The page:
Lattice Targets Always-On Apps
Here’s one possible way to not get a job. Let’s say the interviewer asks you about things inside a cell phone. And you, having an FPGA background, suggest that there’s an opportunity for some great FPGA usage inside said phone.
Yeah… you’re likely to get a polite, “That’s interesting…” and a note, “FPGA guy with an FPGA hammer… and every system is his nail, even if it has a Philips head on it… Pass…”
No one puts baby in the corner, and no one puts FPGAs in phones or small mobile devices! Why? Well, duh… First, they’re ginormous. And second, they’d suck the battery dry by the time the thing booted up. I mean, the only device less likely to be considered would be a real-deal, old-school vacuum tube. Right? (Although audiophiles would probably totally dig that…)
QuickLogic Does the Cooking For You
The FPGA market is a wasteland - littered with the battered corpses of startup companies who thought they could build a better mousetrap. They attacked the strongholds of market leaders Xilinx and Altera and ended up paying the ultimate price. But none of these entrepreneurs were dummies. In fact, in just about every case they had a novel idea that brought significant advantages to the programmable logic designer.
The reason they failed, however, was remarkably consistent. It wasn’t because they had inferior chips. In fact, they often had devices with improved capabilities for whatever segment of the FPGA market they were attacking. It wasn’t because they didn’t know their customer, either. Most of them had a well-targeted marketing plan designed to win strategic business in key segments of the industry.
Power Plays the Death Card
Moore’s Law is a maddening mistress. As our engineering community has collectively held the tail of this comet for the past forty-seven years, we’ve desperately struggled to divine its limits. Where and why will it all end? Will lithography run out of gas, brining the exponential curve of semiconductor progress to a halt? Will packaging and IO constraints become so tight that more transistors would make no difference? Or, will economics bring the whole house of cards crashing down - putting us in a situation where there is just no profit in pushing the process envelope?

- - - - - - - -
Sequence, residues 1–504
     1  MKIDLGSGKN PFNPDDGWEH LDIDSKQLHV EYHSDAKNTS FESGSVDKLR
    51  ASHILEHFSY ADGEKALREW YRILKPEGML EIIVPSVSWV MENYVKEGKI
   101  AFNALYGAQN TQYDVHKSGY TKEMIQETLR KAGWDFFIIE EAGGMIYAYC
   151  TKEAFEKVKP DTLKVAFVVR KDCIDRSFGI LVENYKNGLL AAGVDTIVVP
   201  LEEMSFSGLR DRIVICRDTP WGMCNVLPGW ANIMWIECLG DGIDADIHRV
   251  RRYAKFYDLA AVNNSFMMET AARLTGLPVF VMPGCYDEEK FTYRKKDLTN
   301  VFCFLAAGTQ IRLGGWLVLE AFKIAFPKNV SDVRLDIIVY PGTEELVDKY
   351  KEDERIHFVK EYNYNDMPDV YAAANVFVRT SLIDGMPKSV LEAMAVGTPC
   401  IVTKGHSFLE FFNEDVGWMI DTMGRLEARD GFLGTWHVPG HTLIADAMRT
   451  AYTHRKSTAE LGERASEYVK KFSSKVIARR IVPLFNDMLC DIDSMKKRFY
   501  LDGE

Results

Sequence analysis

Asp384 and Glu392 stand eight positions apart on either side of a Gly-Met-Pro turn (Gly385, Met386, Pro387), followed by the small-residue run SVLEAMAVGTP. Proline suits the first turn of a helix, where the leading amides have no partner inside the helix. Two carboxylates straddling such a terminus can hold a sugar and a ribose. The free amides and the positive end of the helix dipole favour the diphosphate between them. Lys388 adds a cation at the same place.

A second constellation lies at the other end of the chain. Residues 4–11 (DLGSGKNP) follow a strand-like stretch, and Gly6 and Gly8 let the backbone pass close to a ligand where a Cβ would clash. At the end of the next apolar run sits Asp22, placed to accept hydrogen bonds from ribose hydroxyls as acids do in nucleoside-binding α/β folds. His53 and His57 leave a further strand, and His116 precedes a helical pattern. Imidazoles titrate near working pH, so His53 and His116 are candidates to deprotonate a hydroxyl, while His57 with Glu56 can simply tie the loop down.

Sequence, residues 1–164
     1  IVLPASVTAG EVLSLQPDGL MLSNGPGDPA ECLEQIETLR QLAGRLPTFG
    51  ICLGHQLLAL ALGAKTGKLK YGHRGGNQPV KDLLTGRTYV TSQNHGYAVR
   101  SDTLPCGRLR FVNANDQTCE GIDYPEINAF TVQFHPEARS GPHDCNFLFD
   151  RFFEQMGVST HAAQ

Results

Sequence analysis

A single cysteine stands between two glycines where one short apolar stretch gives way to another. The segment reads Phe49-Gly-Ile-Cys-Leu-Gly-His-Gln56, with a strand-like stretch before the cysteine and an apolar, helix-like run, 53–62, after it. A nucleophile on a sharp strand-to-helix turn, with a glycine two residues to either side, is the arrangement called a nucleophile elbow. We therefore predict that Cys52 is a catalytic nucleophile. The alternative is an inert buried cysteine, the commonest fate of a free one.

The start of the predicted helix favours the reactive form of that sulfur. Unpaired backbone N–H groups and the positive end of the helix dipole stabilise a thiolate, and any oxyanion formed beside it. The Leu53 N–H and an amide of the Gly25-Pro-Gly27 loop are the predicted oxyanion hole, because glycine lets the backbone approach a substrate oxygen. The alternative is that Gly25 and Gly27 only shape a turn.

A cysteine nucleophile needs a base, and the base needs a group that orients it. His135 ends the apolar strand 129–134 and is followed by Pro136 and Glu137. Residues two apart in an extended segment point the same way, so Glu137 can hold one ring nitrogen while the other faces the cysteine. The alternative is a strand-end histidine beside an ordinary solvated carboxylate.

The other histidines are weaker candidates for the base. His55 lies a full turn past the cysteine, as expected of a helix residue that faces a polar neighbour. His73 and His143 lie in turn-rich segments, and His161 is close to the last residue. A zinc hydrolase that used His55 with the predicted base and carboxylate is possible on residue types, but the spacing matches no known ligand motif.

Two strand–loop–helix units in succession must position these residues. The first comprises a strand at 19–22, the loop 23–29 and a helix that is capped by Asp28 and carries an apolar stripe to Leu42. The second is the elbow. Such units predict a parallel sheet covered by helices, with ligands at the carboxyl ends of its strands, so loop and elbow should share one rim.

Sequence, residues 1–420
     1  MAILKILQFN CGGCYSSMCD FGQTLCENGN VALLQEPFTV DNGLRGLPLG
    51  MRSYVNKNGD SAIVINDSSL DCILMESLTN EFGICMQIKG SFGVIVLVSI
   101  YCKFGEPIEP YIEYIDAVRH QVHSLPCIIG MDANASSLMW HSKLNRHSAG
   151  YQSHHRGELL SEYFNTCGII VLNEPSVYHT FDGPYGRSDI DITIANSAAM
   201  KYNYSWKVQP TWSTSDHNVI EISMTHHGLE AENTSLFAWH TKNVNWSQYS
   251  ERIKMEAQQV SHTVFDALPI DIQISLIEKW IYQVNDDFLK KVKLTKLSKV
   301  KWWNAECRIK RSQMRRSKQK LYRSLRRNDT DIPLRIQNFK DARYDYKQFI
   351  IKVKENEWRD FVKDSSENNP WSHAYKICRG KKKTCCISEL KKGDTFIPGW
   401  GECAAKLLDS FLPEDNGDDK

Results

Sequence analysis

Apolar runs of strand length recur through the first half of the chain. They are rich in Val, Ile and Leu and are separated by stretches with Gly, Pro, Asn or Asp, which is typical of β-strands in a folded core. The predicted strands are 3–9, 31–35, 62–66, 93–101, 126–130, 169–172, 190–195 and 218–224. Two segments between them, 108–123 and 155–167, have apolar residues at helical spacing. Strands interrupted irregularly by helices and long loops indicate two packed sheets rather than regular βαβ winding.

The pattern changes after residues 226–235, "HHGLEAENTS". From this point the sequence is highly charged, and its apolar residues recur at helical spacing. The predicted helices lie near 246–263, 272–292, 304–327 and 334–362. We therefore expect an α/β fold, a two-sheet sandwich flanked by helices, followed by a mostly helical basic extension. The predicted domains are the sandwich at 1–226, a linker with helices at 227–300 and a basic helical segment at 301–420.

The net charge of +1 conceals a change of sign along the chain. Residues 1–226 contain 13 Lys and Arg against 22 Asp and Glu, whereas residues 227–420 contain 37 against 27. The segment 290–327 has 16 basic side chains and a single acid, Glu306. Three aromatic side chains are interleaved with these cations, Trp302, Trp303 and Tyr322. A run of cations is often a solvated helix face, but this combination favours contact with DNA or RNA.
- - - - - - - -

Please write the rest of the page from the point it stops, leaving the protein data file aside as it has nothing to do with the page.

These are still questions that keep many of us employed - predicting, prognosticating, and pontificating from our virtual pedestals - trying to read the technological tea leaves and triangulate a trend line that will serve up that special insight we seek. We want to know the form of the destructor. When the exponential constants of almost fifty years make a tectonic shift and our career-long assumptions change forever, we’d appreciate some forewarning. We want to look the end of an era in the eye.
Altera Announces Processor Architecture for Gen X
The future of FPGA-based processors is coming into focus. Altera just announced that the processor architecture for their upcoming “Generation 10” Stratix FPGA family will be the ARM Cortex-A53. Pretty clear, eh? OK, that’s it. End of article. Move on along.
What? Still have questions? What does it all mean?
To review, Altera has announced that their next Stratix family (Generation 10) will be built on Intel’s 14nm Tri-Gate (FinFET) process. As we have discussed before, Altera is currently in a race with archrival Xilinx, whose first FinFET FPGAs will be riding in on TSMC’s 16nm FinFET process. Which horse is faster?
QuickLogic Announces Ultra-Low-Power Sensor Hub
Sensors are literally taking over the world. Projections vary as to actual numbers - some say we will reach a trillion - but it is safe to say that we are in the middle of an exponential explosion in the number of sensors deployed in the world. Beyond the obvious gajillions in smartphones, sensors are being designed into just about every kind of embedded system you can imagine. All those sensors promise a revolution in the real-world intelligence of the systems we all design.
One of the biggest problems with putting sensors into our systems is - they’re kinda high-maintenance from a processing point of view. All day long, like cranky little toddlers, they keep dribbling out data and wanting us to deal with it. If you get very many sensors in your system, you really need a nanny to take care of them all, so you can get back to the important business of letting your embedded computer do some embedded computing.
Signal- and Power-Integrity Take Center Stage